"There are many areas of our county that don't have cell phone service, but you know what they do have? KUB running right to their homes," Bailey said.
While some have raised questions about possible rate increases required to fund the plan, support for the expansion has been broad.
Opponents say more time was needed
Comcast Vice President of External Affairs Andy Macke came from Georgia to oppose the proposal. He was not the only out-of-state speaker. James Doyle, founder of Washington non-traditional lobbying group Business Forward, also spoke at the meeting.
Opponents' common argument was that more time was needed to have a conversation about what the best option was for the community.
Macke cited a proposal that Comcast had floated to the mayors of Knox, Union and Grainger counties as a potential alternative to the broadband program.
This proposal had been previously met with a lukewarm reception by Knox County Mayor Glenn Jacobs and Union County Mayor Jason Bailey.
Comcast provided its plan to Knox News, in which it pledged to extend gigabit service to every home and business in the KUB footprint in Knox, Union and Grainger counties, but not the edges of KUB's service in other counties.
Comcast's proposal did not provide a proposed price point for those customers and would require each of the three counties to provide hundreds of thousands of dollars in investment.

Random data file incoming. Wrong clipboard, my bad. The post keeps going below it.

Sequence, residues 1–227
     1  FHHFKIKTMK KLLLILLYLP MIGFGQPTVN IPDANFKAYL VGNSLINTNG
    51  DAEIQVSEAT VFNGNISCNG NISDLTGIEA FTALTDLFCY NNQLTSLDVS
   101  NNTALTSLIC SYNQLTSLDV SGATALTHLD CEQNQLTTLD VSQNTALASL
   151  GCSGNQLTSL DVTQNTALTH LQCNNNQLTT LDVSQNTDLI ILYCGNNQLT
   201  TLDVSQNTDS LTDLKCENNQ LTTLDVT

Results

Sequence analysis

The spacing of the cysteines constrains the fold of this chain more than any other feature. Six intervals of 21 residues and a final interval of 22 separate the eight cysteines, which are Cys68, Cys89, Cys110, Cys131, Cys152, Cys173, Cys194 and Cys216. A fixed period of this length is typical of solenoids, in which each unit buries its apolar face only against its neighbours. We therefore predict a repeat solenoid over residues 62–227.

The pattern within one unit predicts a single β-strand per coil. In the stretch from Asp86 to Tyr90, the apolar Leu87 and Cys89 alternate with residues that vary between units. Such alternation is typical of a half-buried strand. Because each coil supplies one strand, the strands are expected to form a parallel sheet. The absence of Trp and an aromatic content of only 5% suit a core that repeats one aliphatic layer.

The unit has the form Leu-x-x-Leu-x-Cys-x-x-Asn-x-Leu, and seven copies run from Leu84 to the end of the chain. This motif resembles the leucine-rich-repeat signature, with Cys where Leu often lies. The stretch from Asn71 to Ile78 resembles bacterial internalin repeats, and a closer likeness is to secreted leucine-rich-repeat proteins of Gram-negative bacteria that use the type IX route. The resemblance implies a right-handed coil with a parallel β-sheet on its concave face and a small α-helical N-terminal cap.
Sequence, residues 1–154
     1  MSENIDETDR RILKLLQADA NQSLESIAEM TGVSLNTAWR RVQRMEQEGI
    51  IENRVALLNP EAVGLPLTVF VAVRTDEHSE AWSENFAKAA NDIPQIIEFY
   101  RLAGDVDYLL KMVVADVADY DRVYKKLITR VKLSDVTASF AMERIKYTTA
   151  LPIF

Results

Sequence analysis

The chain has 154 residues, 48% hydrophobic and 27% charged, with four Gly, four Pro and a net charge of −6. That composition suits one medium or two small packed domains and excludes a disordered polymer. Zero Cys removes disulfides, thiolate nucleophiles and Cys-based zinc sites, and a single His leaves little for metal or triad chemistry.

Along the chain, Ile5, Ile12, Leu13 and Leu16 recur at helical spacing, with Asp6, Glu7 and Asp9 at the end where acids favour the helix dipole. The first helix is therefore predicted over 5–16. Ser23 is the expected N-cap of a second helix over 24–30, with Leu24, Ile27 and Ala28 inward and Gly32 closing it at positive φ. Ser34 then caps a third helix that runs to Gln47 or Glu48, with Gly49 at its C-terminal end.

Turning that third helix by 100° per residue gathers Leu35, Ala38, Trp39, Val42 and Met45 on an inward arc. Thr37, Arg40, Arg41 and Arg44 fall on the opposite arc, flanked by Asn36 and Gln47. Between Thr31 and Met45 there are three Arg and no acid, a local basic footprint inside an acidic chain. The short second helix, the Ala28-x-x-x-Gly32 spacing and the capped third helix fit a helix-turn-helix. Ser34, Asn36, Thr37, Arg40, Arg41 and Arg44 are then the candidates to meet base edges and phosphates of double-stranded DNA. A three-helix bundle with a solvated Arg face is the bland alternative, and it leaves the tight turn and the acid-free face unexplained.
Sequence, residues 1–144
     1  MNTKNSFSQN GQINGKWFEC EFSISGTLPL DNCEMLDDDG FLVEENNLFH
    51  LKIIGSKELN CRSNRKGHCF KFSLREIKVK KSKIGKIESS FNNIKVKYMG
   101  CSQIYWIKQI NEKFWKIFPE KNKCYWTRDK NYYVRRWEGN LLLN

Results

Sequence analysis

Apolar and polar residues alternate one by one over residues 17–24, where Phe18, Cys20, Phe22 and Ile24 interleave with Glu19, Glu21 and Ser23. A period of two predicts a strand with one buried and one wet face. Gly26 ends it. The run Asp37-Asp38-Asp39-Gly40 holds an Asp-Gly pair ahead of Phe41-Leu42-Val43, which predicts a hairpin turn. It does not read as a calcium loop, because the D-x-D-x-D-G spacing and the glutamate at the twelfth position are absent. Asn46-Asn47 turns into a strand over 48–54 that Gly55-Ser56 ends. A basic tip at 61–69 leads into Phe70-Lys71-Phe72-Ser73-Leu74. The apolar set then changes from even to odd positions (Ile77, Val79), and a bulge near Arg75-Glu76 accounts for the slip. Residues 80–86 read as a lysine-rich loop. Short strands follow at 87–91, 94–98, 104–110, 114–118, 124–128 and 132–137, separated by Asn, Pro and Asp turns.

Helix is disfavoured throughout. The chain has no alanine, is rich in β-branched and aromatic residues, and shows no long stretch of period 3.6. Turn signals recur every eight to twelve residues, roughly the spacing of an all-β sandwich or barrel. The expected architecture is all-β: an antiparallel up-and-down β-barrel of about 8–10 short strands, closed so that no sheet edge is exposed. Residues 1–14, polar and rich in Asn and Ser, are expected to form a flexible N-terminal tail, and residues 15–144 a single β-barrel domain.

"I'm always hesitant to use public money to subsidize the private sector,” Jacobs told Knox News in an emailed statement. “For instance, the county could be in the situation of paying Comcast to use infrastructure county money helped build.”
Jacob's spokesperson Mike Donila told Knox News that Jacobs believed that KUB was a good community partner but that they should not be in broadband.
Union County Mayor Jason Bailey told Knox News that Comcast's proposal was a harder sell for his county given the financial commitment and reliance on state grants.
"I'm not throwing Comcast under the bus here," Bailey told Knox News, "There have been so many areas in the county that have literally begged for internet. ... And all of a sudden here they are."
"My question is, where have you been before?" he continued.
Source: Knoxville News Sentinel, by Vincent Gabrielle
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Published July 8, 2021